Who is responsible for pool fencing?

It is the responsibility, under the Swimming Pools Act 1992 (NSW), of the owner to ensure that a swimming pool is surrounded by a complying child resistant pool fence or safety barrier.  These fences must be maintained in a good state of repair in order to act as an effective and safe child resistant barrier.  If the child resistant barrier is not maintained to an appropriate standard, then the owner of the pool may be fined under the legislation.

I want to build a new pool, what do I need to do?

  • All pools, including pre-fabricated self-installed pools, require approval prior to installation. An inspection and approval of the child-resistant barrier by Council or another approval authority is required prior to filling the pool with water.
  • All pools must be separated from residential buildings and adjoining public or private properties by a complying child-resistant barrier (Must be in accordance with the Regulations and AS1926.1-2007 Swimming Pool Safety).
  • Gates must be self-closing and self-latching and open outwards from the pool.
  • No door access from a residential building into an outdoor pool is permitted.
  • Walls of above-ground pools or self-installed prefabricated pools are not accepted as a child-resistant barrier.

 

What can be kept within the swimming pool enclosure?

Under the Swimming Pools Actonly structures associated with the pool can be located within the pool area.  Structures such as clothes lines, barbeque, sheds, entertainment structure, outside toilets, etc, must all be located outside the child resistant barrier.

Is my gate up to standard?

In order for the gate of a pool fence surrounding a swimming pool to comply, it must meet the following:

  • Entry gates into the pool area must be closed at all times and be self-closing and self-latching.
  • Gates must never be propped open for access.
  • All gates must open outwards from the pool area.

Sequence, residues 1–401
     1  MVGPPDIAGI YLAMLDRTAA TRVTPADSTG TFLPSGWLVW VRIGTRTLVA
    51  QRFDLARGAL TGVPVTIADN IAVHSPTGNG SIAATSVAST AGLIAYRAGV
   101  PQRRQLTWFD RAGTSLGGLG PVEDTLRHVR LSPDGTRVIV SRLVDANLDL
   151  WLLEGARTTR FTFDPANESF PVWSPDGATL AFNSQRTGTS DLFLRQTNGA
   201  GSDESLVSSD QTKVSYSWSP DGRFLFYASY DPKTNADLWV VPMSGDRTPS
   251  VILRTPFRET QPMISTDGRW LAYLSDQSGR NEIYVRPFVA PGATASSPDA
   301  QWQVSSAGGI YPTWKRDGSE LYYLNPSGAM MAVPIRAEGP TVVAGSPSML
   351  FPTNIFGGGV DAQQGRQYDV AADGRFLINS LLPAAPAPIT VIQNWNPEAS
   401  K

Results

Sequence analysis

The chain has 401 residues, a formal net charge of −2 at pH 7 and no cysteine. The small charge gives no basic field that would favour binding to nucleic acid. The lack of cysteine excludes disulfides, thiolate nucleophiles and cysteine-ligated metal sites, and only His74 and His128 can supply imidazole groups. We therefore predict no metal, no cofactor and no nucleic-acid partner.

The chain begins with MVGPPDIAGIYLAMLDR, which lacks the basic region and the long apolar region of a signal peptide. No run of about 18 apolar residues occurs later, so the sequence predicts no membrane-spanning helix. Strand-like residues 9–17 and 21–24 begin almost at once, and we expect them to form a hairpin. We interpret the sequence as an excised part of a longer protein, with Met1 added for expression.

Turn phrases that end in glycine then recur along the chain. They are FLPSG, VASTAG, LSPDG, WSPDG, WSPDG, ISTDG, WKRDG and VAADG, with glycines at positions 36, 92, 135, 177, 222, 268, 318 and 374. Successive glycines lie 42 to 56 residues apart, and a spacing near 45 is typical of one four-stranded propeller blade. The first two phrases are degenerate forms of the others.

• Double gates are NOT permitted.
  • Latch release mechanism must be 1.5 metres above the ground, except where a shield is used. If a shield is used the latch is positioned on the pool side near the top of the gate. The shield makes it necessary to reach over the gate to release the latch mechanism.
  • The latch release must be positioned a minimum 1.5 metres above ground level & 1.4 metres from highest lower horizontal barrier member.
  • Gate width is to be kept to a minimum (no more than 1 metre) to minimise the possibility of the weight of the gate causing the gate to drop with the self-latching mechanism failing.

 

Self Assessment Checklist

Is my pool fence up to standard?

All swimming pool fences must be built in accordance with AS1926.1-2007, and must be maintained at a level that complies with this standard for the life of the pool. Some general requirements are:

  • Is your fence at least 1200mm at all points?
  • Is there a gap of at least 900mm between the horizontal members of the fence?
  • Is the gap between the bottom of the fence and the ground less than 100mm?
  • Is the gap between vertical members of the fence less than 100mm?
  • Is the first 300mm on the inside of the fence clear of any climbable objects?
  • Is the first 900mm on the outside of the fence clear of any climbable objects?
  • Is a boundary fence included as part of the barrier? If so is it at least 1800mm high?

As per Australian Standard 1926.1-2007, the following diagrams provide details on a variety of barrier situations such as retaining walls, cliff faces and balconies.

Does my pool require a CPR sign?

Yes, all pools in Australia require a resuscitation chart or warning notice to be displayed in a prominent position in the immediate vicinity of the pool.

The following warning statements must be contained within the resuscitation sign:

  • Young children should be supervised when using this swimming pool.
  • Pool gates must be kept closed at all times.
  • Keep articles, objects and structures at least 900 mm clear of the pool fence at all times.

The resuscitation sign must be:

  • legible from a distance of at least three metres
  • maintained in a clearly legible condition.

Any approved sign erected between 1 September 1995 and 31 August 2008 does not require replacement and may be retained. However, it is recommended that signs more than three years old be replaced, due to changes in best practice resuscitation techniques.

Where can I purchase a CPR chart from?

Resuscitation/warning signs are available for purchase from the council's Customer Service Centre on 9748 9999 or The Royal Lifesaving Society.